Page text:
I’m blogging from a session entitled ‘Hierarchical Structures v Organisational Freedoms’. Tim Scott and Andy Swan are presenting their thoughts, Ignite Style.
When it comes to the way we organise organisations, for the most part little has changed in years. The technology looks very different, some of the practical ‘how’ has changed, but the other stuff…. not so much.
Managers, middle managers, top down, bureaucracy. Teams organised by function, sitting in an org chart, focusing on their own stuff.
Occasionally, alternatives are talked about and tried. Take the latest kid on the block; holocracy. Leading the way with the holocracy movement is Zappos. The experiment has spawned more articles, blogs, conference sessions and opinion pieces since… well the last big bandwagon.
Leading the way with the holocracy movement is Zappos. The experiment has spawned more articles, blogs, conference sessions and opinion pieces since… well the last big bandwagon.
So, is it time to throw away the organisational rule book? To change the way we have always done things? Is it change or become extinct time…. or not? Over to the debate:
In the blue corner, is Tim. He’s arguing for the traditional organisation.
He wants us to gather around his desk. He isn’t bothered about being trendy. There are good things about being in a hierarchy. It isn’t about defending scientific management or old fashioned practice. The best of managers can be inspiring within a hierarchy. You don’t get that within a committee. A good manager can give you focus. They give you over head cover and clarity. Management as a structure is clear. People know where the buck stops. How do structures like holocracy work in the real world, especially the public sector where someone has to be accountable? It is a human trait to like structures. Just like a book, we are familiar with it and know how it works, traditional or not. Have you seen a holocracy constitution? Goes on for ever. Still very few organisations are using it. Management is flexible. There are bad management practices – but we don’t need to throw away the baby with the bath water.
In the red corner, is Andy. He had this to say:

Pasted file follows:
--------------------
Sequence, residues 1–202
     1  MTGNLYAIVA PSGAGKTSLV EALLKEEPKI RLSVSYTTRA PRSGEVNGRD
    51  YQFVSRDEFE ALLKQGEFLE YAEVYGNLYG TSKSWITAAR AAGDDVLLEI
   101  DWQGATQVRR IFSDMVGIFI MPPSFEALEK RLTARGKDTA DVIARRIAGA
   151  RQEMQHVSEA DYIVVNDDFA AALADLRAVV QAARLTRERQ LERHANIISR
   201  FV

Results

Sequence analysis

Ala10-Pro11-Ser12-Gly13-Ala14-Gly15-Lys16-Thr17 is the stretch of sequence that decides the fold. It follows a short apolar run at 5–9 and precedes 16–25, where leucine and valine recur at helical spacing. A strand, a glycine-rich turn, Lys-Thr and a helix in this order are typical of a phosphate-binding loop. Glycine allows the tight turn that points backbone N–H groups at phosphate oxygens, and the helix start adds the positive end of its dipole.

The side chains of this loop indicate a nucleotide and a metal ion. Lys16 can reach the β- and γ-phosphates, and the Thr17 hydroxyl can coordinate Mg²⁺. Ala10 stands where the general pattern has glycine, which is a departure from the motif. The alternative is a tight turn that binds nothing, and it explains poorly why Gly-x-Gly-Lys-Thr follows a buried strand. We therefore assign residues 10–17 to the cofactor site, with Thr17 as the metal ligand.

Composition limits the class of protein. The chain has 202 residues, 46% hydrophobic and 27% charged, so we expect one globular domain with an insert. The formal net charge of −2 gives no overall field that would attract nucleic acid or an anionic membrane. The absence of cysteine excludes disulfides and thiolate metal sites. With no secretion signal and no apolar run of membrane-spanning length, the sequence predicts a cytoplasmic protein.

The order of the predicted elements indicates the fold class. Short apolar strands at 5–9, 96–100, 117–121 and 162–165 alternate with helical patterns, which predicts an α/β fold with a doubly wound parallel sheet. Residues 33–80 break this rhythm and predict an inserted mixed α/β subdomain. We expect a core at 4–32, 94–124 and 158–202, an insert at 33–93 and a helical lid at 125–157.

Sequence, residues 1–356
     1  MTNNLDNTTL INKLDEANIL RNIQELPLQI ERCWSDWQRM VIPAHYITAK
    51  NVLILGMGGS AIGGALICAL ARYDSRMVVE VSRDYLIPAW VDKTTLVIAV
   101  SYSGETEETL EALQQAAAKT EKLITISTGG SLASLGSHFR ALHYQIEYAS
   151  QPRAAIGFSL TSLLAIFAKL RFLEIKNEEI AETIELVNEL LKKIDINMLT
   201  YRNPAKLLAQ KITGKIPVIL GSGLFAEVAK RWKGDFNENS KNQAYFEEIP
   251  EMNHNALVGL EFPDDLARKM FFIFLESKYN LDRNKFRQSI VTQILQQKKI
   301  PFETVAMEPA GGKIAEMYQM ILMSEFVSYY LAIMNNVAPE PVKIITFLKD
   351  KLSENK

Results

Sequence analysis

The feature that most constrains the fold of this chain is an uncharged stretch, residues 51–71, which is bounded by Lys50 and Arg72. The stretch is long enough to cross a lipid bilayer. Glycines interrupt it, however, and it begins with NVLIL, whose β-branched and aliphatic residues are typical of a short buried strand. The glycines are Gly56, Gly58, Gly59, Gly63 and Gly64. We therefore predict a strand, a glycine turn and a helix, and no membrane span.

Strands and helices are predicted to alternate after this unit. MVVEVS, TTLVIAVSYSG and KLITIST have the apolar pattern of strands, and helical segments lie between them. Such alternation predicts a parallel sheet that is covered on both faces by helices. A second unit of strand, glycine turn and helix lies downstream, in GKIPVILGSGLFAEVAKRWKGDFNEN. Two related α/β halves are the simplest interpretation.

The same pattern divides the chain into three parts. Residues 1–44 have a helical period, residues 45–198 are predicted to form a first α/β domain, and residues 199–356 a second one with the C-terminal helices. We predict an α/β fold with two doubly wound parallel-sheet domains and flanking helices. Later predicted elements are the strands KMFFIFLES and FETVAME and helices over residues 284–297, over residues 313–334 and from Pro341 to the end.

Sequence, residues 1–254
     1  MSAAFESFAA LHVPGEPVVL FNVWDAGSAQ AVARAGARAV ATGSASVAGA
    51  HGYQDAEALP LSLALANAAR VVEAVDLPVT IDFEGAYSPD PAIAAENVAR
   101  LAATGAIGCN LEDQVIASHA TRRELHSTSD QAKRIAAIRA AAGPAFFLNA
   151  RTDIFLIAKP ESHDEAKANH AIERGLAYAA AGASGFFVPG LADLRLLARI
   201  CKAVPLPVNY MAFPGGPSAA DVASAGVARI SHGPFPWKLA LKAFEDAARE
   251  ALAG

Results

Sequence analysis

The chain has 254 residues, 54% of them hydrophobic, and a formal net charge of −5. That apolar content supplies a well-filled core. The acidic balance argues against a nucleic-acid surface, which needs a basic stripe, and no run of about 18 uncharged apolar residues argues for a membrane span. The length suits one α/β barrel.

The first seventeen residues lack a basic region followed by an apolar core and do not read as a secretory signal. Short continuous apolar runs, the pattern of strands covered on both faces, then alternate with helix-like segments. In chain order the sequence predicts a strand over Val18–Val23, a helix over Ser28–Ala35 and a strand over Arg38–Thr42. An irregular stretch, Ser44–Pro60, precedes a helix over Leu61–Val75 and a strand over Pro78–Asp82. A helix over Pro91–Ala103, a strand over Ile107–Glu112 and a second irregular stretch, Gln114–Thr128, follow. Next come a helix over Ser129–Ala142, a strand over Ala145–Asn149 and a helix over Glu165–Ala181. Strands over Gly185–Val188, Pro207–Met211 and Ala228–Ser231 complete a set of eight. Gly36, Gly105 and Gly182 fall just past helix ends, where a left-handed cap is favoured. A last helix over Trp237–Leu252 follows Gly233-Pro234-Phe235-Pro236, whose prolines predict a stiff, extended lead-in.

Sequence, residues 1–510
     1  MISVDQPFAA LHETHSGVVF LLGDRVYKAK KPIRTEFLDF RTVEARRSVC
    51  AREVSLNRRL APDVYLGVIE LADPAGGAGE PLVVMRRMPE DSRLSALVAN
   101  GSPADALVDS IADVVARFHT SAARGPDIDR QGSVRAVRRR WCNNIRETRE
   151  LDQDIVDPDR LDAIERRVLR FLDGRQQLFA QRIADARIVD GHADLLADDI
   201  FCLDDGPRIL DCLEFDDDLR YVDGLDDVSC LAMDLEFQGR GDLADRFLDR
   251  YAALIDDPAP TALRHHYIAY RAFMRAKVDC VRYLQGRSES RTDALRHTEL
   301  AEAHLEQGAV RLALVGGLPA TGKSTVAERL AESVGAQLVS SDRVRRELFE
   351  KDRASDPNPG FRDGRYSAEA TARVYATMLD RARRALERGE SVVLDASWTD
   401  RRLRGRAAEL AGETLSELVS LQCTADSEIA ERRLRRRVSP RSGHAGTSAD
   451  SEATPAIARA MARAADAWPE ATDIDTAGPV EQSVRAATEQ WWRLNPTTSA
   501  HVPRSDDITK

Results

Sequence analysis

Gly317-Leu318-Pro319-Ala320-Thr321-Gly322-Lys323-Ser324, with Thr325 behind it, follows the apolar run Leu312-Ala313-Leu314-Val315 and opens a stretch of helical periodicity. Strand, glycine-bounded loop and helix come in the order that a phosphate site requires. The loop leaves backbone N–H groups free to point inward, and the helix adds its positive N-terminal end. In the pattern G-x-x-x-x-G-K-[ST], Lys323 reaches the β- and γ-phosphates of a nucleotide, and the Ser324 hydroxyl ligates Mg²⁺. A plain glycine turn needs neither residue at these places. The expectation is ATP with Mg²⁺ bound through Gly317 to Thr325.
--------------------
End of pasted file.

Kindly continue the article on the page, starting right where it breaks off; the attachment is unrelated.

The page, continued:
Unlocking organisations through trust and freedom. 87% of people are not fully engaged according to Gallup. Holocracy still has structure, just not a typical one. He’s not a fan specifically, but he is a fan of setting people free and evolving businesses. We live in a world of cycles. Minimum viable product. So we need constant innovation. We need to allow people to contribute as this is what engages them. Power in a hierarchy sits at the top. Ideas might be the bottom. They can’t get from one to the other. Instagram had 13 people but have survived and flourished when Kodak died. Ditto Netflix and Blockbuster. Alternative structures creates equality and encourage information flow. Fluid. Quick decision making. Collectively people are powerful. Every organisation is unique as are the people within it. This isn’t about throwing everything away and creating chaos. Traditional organisations are based on control, suspicion and secrecy. Approaches like holocracy allow freedom within parameters. Lead by example vs manage by spreadsheet.
I’ll confess. I’m a cynic about holocracy. So it appears where some of the employees from Zappos itself. When the experiment was launched, employees were given the opportunity to leave if they didn’t want to work within it. Some 14% apparently did so.
What is the problem that alterative organisational structures are trying to solve anyway? There is much wrong with work as we know it. Pregnancy and maternity discrimination is increasing. We have an abundance of low paid work; workers on zero hours contracts not knowing whether they will get enough work that week to put food on the table. The wages of the low paid essentially being subsidised by the state. There remain plenty of workplaces that treat their people poorly. That are managing
There are things we need to change about how we work. I am just sure that hierarchy is currently top of my list.
What becomes of the Zappos experiment will remain to be seen. My cynicism may prove to be unfounded, or perhaps just a ludditesque rejection of change.
But when it comes to these alternative structures, just maybe the cure for these organisational challenges we are trying to solve, is worse than the disease itself?
As this is a live blog, please excuse any typos!
We’re back to our old friends Best Practice and Best Fit here. There is no “one size fits all” structure that will suit all organisations – and there’s nothing wrong with a traditional structure if that fits the business in its market, strategic approach and competitive environnment